We looked back on all the similar new starts over the years. In Ithaca, a summer fair. In the North Country, a fall tea and sale. In Syracuse, a spaghetti dinner. In Rochester, a golf tournament. All very human, very humble moments. But people do not leave off being human when they come to faith. And people do not leave off being human when they come to university. Being in community requires a decision to be in community, and that requires strength to start, and that requires a choice, to choose to do what we know is true.
You start with confidence about the end. That is the main thing in Paul’s hope. You are strengthened to start in the hope of Jesus Christ.
I do not know, precisely, what you may be about to start. But I call you to decide to do so, to start with strength. The strength is God’s gift to you. The start is up to you.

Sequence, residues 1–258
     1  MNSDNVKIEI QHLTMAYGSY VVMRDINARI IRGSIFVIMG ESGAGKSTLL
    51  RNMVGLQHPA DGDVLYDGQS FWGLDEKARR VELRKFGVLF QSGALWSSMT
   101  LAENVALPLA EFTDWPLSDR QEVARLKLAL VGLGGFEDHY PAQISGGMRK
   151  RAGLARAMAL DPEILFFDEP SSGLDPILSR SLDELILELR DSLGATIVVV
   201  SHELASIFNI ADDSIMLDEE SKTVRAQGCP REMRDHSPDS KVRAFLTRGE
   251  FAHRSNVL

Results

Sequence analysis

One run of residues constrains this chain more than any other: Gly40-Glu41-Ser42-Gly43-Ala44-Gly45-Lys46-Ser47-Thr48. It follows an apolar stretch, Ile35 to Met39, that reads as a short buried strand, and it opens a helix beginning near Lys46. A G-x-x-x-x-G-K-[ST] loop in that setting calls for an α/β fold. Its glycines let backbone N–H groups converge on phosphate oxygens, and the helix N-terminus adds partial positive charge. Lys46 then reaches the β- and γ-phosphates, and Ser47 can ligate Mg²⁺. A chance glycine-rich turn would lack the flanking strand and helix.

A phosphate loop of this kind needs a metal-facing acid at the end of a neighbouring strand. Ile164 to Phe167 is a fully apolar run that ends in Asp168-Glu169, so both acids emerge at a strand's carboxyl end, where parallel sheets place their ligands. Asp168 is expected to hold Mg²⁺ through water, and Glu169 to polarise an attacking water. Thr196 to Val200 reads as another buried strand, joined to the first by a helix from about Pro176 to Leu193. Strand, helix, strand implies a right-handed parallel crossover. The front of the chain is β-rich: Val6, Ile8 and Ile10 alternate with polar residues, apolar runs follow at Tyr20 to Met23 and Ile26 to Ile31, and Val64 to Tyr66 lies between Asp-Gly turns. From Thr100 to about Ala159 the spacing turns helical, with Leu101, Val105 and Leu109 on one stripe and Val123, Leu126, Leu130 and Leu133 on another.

Strength to start.
Strength to start in Christ
Strength to start in times of trial
Strength to start with hope for the end
Put on the whole clothing of Christ!
As you stand at the dawn of the rest of life…
We will put it in terms familiar…
Put on the whole wardrobe of Christ
Put on the sweater of grace
Put on the boots of peace
Put on the mittens of thanksgiving
Put on the tuke of fellowship
Put on the scarf of faithfulness
Put on the snowsuit of sanctification
Pick up the shovel of salvation
And the ice-pick of hope
And the salt of happiness
For IN CHRIST ARE YOU GIVEN STRENGTH TO START!